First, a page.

News Dispatch

Four ways the Liberals filibustered on election interference this week

Prime Minister Justin Trudeau speaks during a news conference on Parliament Hill in Ottawa on March 6, 2023. Sean Kilpatrick/The Canadian Press.

The filibuster has a long record, dating back to Roman times, as a potent weapon in just about every legislative body in human history.

Merriam-Webster dictionary describes the term filibuster as using slow-down tactics “in an attempt to delay or prevent action, especially in a legislative assembly.”

The best way to do this? Talking endlessly. 

One famous example was United States Senator Ted Cruz reading the Dr. Seuss classic Green Eggs & Ham to stall a congressional session in 2013. 

The practice also has a long history on Parliament Hill. Former Conservative MP Tom Lukiwski was famous as the “Wayne Gretzky of parliamentary stall-tactics” for his ability to talk endlessly, ragging the puck at committee hearings with soliloquies as long as six hours.

A new example of filibustering was on full display this week as Liberal MPs deployed the tactic in committee hearings to slow down and stifle debate about reports of Chinese interference in recent Canadian elections.

At the hearing on Tuesday, the Liberals blocked a committee summons for Prime Minister Justin Trudeau’s chief of staff, Katie Telford, to testify about her knowledge of the alleged Chinese interference network.

Due to the minority Parliament, the opposition committee members would have enough votes to pass the motion. Long monologues to run out the clock and procedural pedantry were the Liberals’ only options to prevent Telford from being summoned to a three-hour grilling at the committee.

With no filibustering, the Hub team curated a list of four ways the Liberals attempted to roadblock queries about the alleged interference network.

Lengthy historical lectures

On Tuesday, Greg Fergus, Liberal MP for Hull—Aylmer, engaged in a long monologue about how foreign interference is not a new phenomenon and praised his former colleague Pierre Pettigrew, who has not worked in elected politics since 2006.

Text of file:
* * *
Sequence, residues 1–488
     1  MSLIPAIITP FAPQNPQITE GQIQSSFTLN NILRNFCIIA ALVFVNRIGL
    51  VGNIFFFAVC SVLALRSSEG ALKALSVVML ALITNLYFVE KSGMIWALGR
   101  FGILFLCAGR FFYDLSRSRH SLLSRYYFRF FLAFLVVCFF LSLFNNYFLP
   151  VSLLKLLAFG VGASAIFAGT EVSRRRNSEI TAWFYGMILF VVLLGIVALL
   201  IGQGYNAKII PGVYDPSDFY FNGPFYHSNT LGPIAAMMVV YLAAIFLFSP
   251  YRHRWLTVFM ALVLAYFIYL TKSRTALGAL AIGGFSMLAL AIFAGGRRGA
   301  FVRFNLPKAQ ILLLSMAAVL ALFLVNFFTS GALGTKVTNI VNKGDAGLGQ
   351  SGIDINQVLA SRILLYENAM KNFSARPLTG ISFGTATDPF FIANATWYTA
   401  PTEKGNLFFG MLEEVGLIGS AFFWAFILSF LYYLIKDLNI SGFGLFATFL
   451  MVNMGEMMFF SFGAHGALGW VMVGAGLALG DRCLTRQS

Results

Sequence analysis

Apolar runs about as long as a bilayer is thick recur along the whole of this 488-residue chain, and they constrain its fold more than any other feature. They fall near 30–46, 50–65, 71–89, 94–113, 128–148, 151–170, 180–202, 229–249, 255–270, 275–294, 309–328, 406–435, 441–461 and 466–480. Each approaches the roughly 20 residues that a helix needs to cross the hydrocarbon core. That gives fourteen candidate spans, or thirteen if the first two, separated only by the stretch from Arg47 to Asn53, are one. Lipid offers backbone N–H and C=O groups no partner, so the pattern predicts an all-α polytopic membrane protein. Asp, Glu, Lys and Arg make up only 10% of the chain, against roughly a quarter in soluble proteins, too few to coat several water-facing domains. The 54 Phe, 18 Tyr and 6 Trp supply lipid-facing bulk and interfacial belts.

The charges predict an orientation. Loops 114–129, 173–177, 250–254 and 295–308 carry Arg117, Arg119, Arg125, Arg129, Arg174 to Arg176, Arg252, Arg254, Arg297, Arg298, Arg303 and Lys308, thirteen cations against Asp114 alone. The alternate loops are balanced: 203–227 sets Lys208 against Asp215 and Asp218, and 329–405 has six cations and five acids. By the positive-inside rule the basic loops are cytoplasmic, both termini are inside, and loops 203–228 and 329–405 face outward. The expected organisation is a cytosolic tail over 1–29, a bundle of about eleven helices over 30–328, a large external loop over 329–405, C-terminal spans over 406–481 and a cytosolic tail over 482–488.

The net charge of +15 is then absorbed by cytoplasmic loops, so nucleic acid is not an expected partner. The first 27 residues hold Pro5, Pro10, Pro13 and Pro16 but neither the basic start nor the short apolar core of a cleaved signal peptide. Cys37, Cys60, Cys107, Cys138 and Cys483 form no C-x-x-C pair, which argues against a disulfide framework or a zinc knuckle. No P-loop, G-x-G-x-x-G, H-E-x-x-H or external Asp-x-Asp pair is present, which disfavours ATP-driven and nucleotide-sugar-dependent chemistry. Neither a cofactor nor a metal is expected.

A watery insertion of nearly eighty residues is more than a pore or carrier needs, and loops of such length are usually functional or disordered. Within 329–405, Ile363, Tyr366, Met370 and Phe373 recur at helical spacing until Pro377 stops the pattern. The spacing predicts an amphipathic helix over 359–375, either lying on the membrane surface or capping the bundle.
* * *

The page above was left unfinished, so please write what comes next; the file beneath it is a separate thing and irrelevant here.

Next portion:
“As you know, (foreign interference) has existed in a variety of forms for years now. You might even say decades,” said Fergus.

Semi-related extended monologues about public transit infrastructure

On Thursday during a hearing about a potential public inquiry into the interference, Ruby Sahota, Liberal MP for Brampton North, launched into a cheerful, extended oration about why the cost of such an inquiry should rule it out.

Comparing the potential cost of a public inquiry to the $14.5 million cost of the infamous Ottawa LRT line, Sahota used up the limited committee time citing dates and statistics about the LRT, often repeating the same thing for effect in between pregnant pauses. 

Closely examine the Harper years

Although opposition parties are keen to get to the bottom of foreign interference during the Trudeau government, the Liberals had other ideas.

Liberal MP Ryan Turnbull chewed up a long stretch of committee time with a history lesson about former prime minister Stephen Harper’s record on foreign interference.

“We know the past government did absolutely nothing on foreign election interference, and that’s a fact. I’ve never heard a Conservative say otherwise,” he said.

Turnbull managed to eat up some minutes off committee time by reading prior exchanges in the House of Commons between Liberal ministers and Conservative leader Pierre Poilievre, who used to be the Minister for Democratic Reform.

Pouncing on opposition gaffes

Towards the conclusion of the committee session, Conservative MP Michael Cooper addressed Joly: 

“You’ve talked tough with your Beijing counterpart, so you say. You even stared into his eyes. I’m sure he was very intimidated,” said Cooper, with a distinctly sarcastic tone. 

Cooper was then criticized by NDP committee member Rachel Blaney, and Liberal members Jennifer O’Connell and Sherry Romando. It ended up becoming the most prominent story to emerge from the committee session, with Canadians being no closer to having a clear view of how the Chinese government interfered and how the Liberal government responded to it.  

Sign up for FREE and receive The Hub’s weekly email newsletter.

You'll get our weekly newsletter featuring The Hub’s thought-provoking insights and analysis of Canadian policy issues and in-depth interviews with the world’s sharpest minds and thinkers.